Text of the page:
As Frederick Douglass said, “Once you learn to read, you will be forever free.”

School House ‘Pork’ Does Not Cure The Illiteracy Epidemic

There have been many articles written the past several years about earmarks for education.

While it might be argued that some may be worthwhile it appears that a majority of them could have been eliminated without any harm to educating youth in America.

Especially when one considers the epidemic of illiteracy that persists with 85% of all juvenile offenders lacking basic reading and math skills and one high school student dropping out every 29 seconds.

Does it make sense to, in one year, fund zoos in the amount of $2.7 million in the name of “education?” Do Hall of Fames for Rock and Roll, Baseball and Aviation deserve to garner over one million dollars instead of teaching students how to read?

The fact that both parties deem it worthwhile to attach billions of dollars annually in education earmarks without addressing the vital need to get American students back to basics with systematic and explicit phonics so that they are able to read proficiently is criminal.

Factually, it would cost a fraction of what “image pork” besets taxpayers.

What is meant by Image Pork?  How about Congress passing an earmark, using taxpayer dollars, in the amount of $1.9 million for the Charles B. Rangel Center for Public Service or $19 million for the Edward M. Kennedy Institute for the Senate or $2.4 million for the Lott Leadership Institute or $10 million for the Strom Thurmond Fitness and Wellness Center.

Why would any reasonable person sitting on Capitol Hill believe that their name is worth more than properly educating children in America how to read?

Education “reform” is not needed.  Political reform definitely is required.

It is time to eliminate earmarks of all nature as they are special interest in nature and burden each and every citizen with a pricetag to pay.

More importantly, it is time to ensure students in America are properly educated how to read because, as Frederick Douglass said, “Once you learn to read, you will be forever free.”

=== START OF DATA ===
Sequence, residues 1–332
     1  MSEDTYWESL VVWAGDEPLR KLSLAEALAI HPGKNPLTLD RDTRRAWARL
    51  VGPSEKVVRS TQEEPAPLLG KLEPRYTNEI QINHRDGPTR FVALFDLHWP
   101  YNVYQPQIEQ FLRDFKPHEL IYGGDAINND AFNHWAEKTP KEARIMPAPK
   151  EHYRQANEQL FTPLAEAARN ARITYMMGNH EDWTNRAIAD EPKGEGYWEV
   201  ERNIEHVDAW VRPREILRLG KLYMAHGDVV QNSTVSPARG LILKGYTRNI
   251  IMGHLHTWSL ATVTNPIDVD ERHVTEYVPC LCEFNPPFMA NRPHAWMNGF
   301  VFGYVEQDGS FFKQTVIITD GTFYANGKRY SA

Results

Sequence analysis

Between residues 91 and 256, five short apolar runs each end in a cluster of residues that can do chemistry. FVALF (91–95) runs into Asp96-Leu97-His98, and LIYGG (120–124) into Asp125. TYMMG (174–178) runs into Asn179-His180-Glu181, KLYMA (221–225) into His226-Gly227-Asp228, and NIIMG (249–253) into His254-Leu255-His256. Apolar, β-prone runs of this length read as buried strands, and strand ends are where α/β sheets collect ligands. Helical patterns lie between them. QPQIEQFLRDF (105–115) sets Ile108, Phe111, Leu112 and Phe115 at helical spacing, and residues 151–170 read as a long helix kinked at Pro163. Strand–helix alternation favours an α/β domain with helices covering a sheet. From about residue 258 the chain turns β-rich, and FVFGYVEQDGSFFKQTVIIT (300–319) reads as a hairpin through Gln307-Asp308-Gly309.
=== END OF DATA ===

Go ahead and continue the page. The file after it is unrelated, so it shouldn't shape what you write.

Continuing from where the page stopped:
Reading With Phonics Positively Changes Lives

Reading is the primary tool people use to become educated on virtually any subject. When one cannot capably read one’s potential in any field is diminished.

The Smart Way Reading and Spelling® methodology has successfully assisted thousands of people, young and old alike, to learn to read or to become better readers through remediation of their skills.

The foolproof phonics program is systematic and explicit, following Orton-Gillingham principles and based on the findings and the recommended elements required to effectively teach reading as reported by the National Reading Panel.

The Scope and Sequence is geared to educate a student through the reading gradients, from learning the consonant sounds and reading words with short vowel sounds, through all of the most common English phonetic patterns, up to advanced phonetic concepts such as silent letters and the schwa sound.

Smart Way Reading has been used in scores of cities across the United States with consistent and uniform positive results.

Utilizing the Wide Range Achievement Test for pre- and post-testing, students, on average, increased from the 30th to the 50th Percentile based on their age in typically 30-35 hours of either one-on-one or small group tutoring. That essentially means that they moved from substantially below to reading at their age level.

More information regarding results may be viewed here: Results and Testimonials.

The only proven way for people to learn to read, as well as to eradicate illiteracy through effective remediation, is through utilization of fully researched and evidence-based systematic and explicit phonics programs such as Smart Way Reading.  A study that validates its use and results can be found here: SWRS Research Study.

The multi-sensory Smart Way program has also been converted, as a direct derivative work, for online use showing essentially the same level of student achievement.  A brief overview may be seen at: Overview.

“Thanks to the Smart Way explicit systematic approach to help our students break the codes to reading, writing, speaking and understanding English, our test scores are better in all areas.” VT, Student Learning Coach

Waiting For Superman

Davis Guggenheim, the director of Waiting for ‘Superman,’ points out what is obvious to many when he says, “We’ve doubled what we spend on each child. But double the money is worth it if we’re producing better results. Unfortunately, we’re not.”

The trailer points out some interesting information many people do not know:

Factually, it depends upon the timeframe in comparing what is spent per child. If one takes constant dollars, then US taxpayers are paying three times more today than what was spent in 1971 on a per child basis. And, since that time, key test scores have gone down, while tests have become somewhat easier.

Witness scores of the SAT (the Scholastic Achievement Test or Scholastic Assessment Test): In 1972 there were 2,817 students who reached the pinnacle of scoring 750 or above (out of 800) in the language arts section and by 1994 that number plummeted by almost half, to 1,438, even though the test had been simplified.

The National Center for Education Statistics (NCES) shows relatively flat scores the past several decades in both reading and math with little improvement in any of the grade levels tested and measured.

While some people throw the blame at teachers and others point their finger at parents this truly is the responsibility of every single citizen. As the video above points out, and has been verified by many studies, illiteracy costs all Americans their hard-earned money, whether it be in the form of lost wages, crime, social welfare, remedial eduction, etc.